Hello World, Happy Chanukkah! Although it is a fun time, it’s always this time of year that I’ve got to have the inevitable awkward conversations with clients, colleagues and total strangers that I don’t in fact celebrate Christmas but that I celebrate the festival of lights, Chanukkah. I don’t usually find this notable and I just file it away in my cognitive box of unimportance. Last Friday however, I felt the need to write about my experience at the grocery.
Last Friday was the day before Chanukkah and of course I was running late on everything due to exams and commuting back and forth from the city. I rushed over to Safeway in the evening in an attempt to procure some candles for my hanukkiya. I couldn’t find the kosher section, which was unusual; normally it is in the pan-ethnic section of Safeway. I managed to catch the attention of an employee in the produce aisle.
He didn’t know where the kosher section was, and took me over to another employee in the meat section who “knew where everything was”. This gentleman then took us to the kosher section which had inexplicably moved to the soup and beans aisle (!!!), all the while talking about how all the kosher food had to have it’s own shelf and be separated from other food (as I understand it this is not a requirement of Kashrut in non-Jewish grocery stores, it can sit on the shelf next to other items so I didn’t like the implications). He kept states this to his co-worker and me multiple times and how interesting he thought it was. I was starting to get uncomfortable and pressured for some reason. The section didn’t have what I was looking for and the employee voiced how he couldn’t remember where the Chanukkah items were. He then wished me a happy Chanukkah and they both went back to their departments.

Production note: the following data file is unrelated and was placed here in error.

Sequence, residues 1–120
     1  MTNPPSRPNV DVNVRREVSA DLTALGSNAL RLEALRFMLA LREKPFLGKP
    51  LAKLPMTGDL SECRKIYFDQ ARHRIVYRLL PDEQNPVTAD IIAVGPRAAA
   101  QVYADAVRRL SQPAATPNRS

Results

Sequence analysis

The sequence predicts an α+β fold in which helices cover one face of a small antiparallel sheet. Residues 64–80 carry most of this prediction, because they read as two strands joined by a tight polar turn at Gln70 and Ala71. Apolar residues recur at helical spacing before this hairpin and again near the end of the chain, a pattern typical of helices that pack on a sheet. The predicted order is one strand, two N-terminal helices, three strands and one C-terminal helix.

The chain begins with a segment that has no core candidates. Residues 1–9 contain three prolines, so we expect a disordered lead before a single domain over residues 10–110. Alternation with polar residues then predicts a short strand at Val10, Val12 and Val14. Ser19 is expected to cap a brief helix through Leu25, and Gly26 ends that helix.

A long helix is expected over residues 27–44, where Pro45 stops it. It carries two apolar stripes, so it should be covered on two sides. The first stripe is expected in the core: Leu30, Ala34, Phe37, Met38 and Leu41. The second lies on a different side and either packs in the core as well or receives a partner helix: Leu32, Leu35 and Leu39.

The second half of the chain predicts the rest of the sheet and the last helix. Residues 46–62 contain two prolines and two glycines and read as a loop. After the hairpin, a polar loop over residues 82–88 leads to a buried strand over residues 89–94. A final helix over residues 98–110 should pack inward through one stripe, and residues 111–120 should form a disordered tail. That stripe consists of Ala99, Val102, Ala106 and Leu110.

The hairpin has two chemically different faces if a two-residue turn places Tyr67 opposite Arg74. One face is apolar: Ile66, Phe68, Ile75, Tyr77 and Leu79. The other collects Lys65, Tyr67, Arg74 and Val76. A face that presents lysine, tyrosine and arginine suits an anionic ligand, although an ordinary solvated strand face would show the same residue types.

I gave up and looked around the store a few minutes longer trying to find a spot featuring some Chanukkah stuff: gelt, candles, kitschy wrapping paper even. Yet there was nothing! There was an entire AISLE dedicated to Christmas items yet not a single magen david or chocolate coin to be found for me and the other yehudit. I admit I was frustrated at that point and still a little perturbed by my previous interaction. I left.
Upon later reflection I realized I felt unsafe identifying myself as Jewish to two strangers in a public space, especially after one of the men having shown a weird aggressiveness in his description of the kosher section. I think I was probably the only Jewish person either of them had ever met and the implications of the meat department worker’s speech still make me uneasy.
I’m going to look past this incident and continue to celebrate Chanukkah.